onward. Her entire being reveled in the kill.
The kill
Zhavon pressed against Ramona. The mortals
grip, her fingers digging into Ramonas bare arms,
couldve been the impassioned grip of a lover. Her
103

Gangrel

head lolled back, and more tears ran down onto


Ramonas face.
The beating of her preys heart filled Ramona.
Warmth spread through her dead limbs, crept toward
her extremities. The hunger led her to take more
blood. Soon, she knew, the heart would stop.
No!
Ramona paused in her feeding. A trickle of blood
ran down her chin.
The attraction to Zhavon and her familiar mortal
life could not hold the hunger at baybut they must!
Nostalgia and bloodlustRamona had known which
would win out. That was why shed stayed away much
of the night.
But shed given in to temptation.
Zhavon began to quiver in Ramonas arms.
Shortly, there would no longer be enough blood in
her body to support life. She would go into shock.
She would die.
No please, no.
Ramona wanted to tear herself away, to flee into
the darkness, but as the next beat of Zhavons heart
pumped more blood into Ramonas mouth, a new tide
of hunger washed over her. Unable to stop herself, she
attacked the gaping wound again, dug deeper, tore
away impeding flesh, drew as much blood as possible.
Zhavon winced, but she was captive to the rapture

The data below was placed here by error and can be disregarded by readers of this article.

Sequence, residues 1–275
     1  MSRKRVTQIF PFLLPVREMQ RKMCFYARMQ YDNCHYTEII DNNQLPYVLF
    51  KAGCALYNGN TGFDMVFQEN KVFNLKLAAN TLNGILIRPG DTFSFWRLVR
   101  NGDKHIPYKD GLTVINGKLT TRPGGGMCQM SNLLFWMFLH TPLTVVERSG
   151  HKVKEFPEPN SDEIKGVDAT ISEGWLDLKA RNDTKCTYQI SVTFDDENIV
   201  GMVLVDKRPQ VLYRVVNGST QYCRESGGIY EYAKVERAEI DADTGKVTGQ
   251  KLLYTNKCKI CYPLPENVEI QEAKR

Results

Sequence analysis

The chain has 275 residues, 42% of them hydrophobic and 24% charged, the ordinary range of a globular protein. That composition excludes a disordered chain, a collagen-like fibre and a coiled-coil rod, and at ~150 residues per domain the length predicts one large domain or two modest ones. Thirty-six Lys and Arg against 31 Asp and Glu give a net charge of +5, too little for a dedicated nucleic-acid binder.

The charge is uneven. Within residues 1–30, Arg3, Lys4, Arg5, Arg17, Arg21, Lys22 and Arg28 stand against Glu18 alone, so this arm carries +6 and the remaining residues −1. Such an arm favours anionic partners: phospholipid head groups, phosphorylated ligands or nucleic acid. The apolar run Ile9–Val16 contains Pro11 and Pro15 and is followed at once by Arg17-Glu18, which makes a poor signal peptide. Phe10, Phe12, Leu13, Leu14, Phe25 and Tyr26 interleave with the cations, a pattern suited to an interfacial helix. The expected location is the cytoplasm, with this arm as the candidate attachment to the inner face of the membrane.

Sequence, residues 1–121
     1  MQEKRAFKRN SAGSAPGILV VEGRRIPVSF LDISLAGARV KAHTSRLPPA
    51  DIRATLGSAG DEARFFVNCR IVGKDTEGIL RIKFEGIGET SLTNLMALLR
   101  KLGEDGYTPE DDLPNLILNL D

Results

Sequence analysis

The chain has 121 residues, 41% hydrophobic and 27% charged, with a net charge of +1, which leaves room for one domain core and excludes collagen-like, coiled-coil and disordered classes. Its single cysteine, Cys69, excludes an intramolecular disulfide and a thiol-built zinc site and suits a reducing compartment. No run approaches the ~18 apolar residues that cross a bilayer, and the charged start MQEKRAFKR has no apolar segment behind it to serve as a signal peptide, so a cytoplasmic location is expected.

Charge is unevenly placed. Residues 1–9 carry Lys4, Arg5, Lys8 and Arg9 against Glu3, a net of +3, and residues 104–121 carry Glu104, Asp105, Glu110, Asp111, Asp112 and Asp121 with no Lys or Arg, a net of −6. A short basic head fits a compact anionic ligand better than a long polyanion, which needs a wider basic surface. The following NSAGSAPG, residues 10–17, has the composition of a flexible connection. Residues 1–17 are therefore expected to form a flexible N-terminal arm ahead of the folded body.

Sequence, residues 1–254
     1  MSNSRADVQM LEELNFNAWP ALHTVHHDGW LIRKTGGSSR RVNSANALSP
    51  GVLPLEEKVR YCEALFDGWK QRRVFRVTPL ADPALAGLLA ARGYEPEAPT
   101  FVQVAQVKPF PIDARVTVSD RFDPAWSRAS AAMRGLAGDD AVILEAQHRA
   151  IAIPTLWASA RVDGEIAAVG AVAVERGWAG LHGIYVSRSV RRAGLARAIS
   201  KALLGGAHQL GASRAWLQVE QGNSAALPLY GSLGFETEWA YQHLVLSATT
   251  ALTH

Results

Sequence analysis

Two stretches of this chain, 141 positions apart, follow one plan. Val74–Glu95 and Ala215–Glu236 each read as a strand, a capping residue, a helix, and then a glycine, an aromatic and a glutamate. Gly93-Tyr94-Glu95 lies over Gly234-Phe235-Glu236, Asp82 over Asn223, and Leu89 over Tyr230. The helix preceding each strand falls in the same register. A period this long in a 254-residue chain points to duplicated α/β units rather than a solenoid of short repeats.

of the kill. She didnt struggle, but grasped Ramona
more tightly, pressed their bodies together so that
they were as one.
Ramonas will, too, was bent to the kill. The
knowledge that Zhavons humanity would be gone
forever was not completely lost among Ramonas desires, that her own would be lessened somehow, that
104

Gangrel

the next time the hunger rose, she would not manage
to resist even this much.
She had lost completely the will to resist the
hunger when the wooden stake slammed into her
backinto her heart.
Ramonas eyes and mouth shot open. A cry of
pain emerged with a gurgled spray of blood from her
throat.
Zhavon whimpered piteously as she was released,
and slumped to the ground.
A second wrenching of the stake forced it through
the remainder of Ramonas torso to protrude from the
front. Despite the fresh blood in her body, her limbs
were seized by a stiffening chill. She tried to grasp
the stake, to push it back through, but her strength
abandoned her before she even touched it.
As she toppled over like an up-ended statue, another figure swooped down upon Zhavon. He sniffed,
momentarily, at the deep wound at the base of her
neck, then licked the edges and deep into the hole.
The bleeding slowed to a trickle.
Ramona watched as might a corpse at its own